This book contains Odysseus' last three adventures, two short ones (Sirens, Scylla and Charybdis), followed by one long one (Thrinacia); cf. Introduction to 9. These adventures are preceded by Circe's instructions, and end with the storm which robs our hero of his last companions and brings him to Calypso and thereby to the end of his story.
1–143 This scene forms the last phase in the 'Circe' adventure; cf. 10.469–574n. When Circe told Odysseus to go to the Underworld, she did not explicitly say that he was to return to her. However, her duty as hostess to escort him home is still in a state of suspension (cf. 10.475–95n.), and, in any case, Odysseus has to return to Aeaea to bury Elpenor (cf. 11.69–70, where the latter assumes that Odysseus will return to Circe's island). Odysseus does not go back to Circe's palace, but she comes down to the beach to meet him.
1–7 The beginning of n the episode follows the pattern of many adventures (cf. 9.82–105n.): (i) landing, including a–second–introduction of Aeaea (1–6); (ii) initial activities, here sleeping (7); (iv) Odysseus sends out men, here to fetch the body of Elpenor (8–10). Whereas on the occasion of the first arrivalatAeaea, theislandwasintroducedastheseatofCirce (10.135–9), itis now characterized as the seat of Eos and the place where Helius rises each day; this may be partly for variation, partly by way of a seed †, since Helius will soon play an important role in the 'Thrinacia' adventure.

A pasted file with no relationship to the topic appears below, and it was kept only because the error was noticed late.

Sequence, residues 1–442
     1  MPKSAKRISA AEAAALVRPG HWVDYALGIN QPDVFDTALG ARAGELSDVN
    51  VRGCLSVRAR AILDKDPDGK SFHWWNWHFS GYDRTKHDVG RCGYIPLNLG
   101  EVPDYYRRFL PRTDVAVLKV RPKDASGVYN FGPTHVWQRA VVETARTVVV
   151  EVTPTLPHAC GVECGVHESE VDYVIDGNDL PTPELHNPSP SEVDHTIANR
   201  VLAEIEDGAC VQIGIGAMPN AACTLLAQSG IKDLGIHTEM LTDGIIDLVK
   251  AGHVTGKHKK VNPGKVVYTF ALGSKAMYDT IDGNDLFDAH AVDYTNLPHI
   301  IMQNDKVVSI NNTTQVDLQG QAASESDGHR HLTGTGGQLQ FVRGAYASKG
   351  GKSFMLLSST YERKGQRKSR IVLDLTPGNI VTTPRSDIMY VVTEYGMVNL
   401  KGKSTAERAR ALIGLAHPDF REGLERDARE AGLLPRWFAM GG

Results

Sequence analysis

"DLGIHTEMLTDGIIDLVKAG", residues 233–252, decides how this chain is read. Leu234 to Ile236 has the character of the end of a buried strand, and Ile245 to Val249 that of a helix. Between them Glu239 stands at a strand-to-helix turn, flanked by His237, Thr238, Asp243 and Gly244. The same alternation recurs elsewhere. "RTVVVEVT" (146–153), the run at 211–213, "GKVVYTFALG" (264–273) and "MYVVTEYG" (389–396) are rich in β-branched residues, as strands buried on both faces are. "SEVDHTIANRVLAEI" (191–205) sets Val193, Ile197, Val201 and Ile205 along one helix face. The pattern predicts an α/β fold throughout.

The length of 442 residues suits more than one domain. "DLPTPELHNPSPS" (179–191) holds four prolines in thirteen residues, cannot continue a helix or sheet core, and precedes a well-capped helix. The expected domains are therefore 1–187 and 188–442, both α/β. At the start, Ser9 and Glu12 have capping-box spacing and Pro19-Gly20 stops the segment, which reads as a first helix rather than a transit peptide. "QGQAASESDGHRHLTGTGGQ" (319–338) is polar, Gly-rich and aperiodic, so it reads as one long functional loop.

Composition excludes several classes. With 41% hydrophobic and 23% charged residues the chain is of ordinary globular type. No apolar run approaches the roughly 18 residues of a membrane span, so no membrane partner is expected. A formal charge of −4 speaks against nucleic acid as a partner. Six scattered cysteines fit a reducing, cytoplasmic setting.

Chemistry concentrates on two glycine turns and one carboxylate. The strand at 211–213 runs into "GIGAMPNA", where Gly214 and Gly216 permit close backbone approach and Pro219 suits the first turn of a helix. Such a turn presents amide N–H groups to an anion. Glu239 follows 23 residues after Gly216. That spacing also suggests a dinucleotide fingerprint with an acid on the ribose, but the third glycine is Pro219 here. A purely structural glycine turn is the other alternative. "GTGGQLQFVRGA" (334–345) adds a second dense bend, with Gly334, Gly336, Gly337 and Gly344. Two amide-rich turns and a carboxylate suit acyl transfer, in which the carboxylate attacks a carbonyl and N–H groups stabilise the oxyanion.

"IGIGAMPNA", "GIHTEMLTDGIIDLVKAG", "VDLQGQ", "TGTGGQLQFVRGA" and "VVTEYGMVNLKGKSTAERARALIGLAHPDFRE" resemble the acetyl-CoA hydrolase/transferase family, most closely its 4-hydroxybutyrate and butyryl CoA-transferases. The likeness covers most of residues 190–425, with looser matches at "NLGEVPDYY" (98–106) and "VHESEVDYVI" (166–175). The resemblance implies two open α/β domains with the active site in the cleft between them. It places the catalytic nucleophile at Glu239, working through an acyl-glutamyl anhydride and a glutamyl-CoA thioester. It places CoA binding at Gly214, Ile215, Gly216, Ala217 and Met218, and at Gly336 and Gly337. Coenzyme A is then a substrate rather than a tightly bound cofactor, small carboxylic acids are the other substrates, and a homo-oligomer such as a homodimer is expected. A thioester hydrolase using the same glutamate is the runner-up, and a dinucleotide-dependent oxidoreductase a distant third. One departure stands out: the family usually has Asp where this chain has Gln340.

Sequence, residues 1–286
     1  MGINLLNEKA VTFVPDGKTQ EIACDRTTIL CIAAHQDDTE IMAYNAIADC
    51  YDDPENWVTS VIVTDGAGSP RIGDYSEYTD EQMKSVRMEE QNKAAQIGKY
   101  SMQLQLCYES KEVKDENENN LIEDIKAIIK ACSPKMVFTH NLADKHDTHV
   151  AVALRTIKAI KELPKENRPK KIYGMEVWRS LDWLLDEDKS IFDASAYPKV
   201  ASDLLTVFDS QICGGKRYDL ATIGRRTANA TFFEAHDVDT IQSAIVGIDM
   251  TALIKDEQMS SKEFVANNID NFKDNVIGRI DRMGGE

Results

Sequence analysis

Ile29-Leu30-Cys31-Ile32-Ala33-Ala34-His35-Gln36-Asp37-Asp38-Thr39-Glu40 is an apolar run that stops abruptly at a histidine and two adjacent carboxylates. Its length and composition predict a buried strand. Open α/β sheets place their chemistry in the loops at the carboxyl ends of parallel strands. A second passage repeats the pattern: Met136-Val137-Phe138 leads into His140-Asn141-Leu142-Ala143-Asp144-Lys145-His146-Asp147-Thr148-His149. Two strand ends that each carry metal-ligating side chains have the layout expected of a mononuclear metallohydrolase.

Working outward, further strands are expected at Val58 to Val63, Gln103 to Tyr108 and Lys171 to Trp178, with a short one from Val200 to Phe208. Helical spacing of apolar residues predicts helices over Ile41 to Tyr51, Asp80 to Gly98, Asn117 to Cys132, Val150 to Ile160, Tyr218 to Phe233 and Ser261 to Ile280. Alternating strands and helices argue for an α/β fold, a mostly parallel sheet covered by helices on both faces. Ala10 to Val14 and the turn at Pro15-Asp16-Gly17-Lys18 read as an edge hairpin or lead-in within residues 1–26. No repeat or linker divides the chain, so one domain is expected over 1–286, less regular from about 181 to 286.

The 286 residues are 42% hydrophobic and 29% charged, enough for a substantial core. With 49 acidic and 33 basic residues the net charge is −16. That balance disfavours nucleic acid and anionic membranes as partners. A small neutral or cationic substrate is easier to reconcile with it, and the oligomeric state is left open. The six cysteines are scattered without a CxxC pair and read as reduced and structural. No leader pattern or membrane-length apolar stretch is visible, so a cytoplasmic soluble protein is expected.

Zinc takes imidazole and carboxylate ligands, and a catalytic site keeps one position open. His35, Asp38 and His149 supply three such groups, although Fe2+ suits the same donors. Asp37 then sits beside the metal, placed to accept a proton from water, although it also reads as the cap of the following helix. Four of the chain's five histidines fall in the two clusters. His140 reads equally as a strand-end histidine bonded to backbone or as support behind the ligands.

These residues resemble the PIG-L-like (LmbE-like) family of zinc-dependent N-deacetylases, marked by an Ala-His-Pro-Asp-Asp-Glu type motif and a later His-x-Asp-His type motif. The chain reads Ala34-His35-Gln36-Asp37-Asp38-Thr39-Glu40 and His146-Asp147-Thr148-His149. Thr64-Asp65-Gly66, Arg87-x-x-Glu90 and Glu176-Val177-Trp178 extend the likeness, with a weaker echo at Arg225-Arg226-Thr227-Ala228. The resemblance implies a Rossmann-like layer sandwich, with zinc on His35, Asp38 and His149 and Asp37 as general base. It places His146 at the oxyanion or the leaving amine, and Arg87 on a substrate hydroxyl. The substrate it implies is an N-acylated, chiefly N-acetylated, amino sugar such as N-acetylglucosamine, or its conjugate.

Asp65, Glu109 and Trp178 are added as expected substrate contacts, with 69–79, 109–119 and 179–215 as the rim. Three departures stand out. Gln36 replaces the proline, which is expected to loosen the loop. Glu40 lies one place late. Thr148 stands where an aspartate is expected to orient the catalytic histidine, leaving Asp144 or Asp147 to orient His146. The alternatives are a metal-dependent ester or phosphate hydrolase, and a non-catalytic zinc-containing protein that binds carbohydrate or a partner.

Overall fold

8–15 The execution of Elpenor's wish to be buried (11.74–8). Verbal echoes underscore the correspondence between word and deed:τεκρόςτ'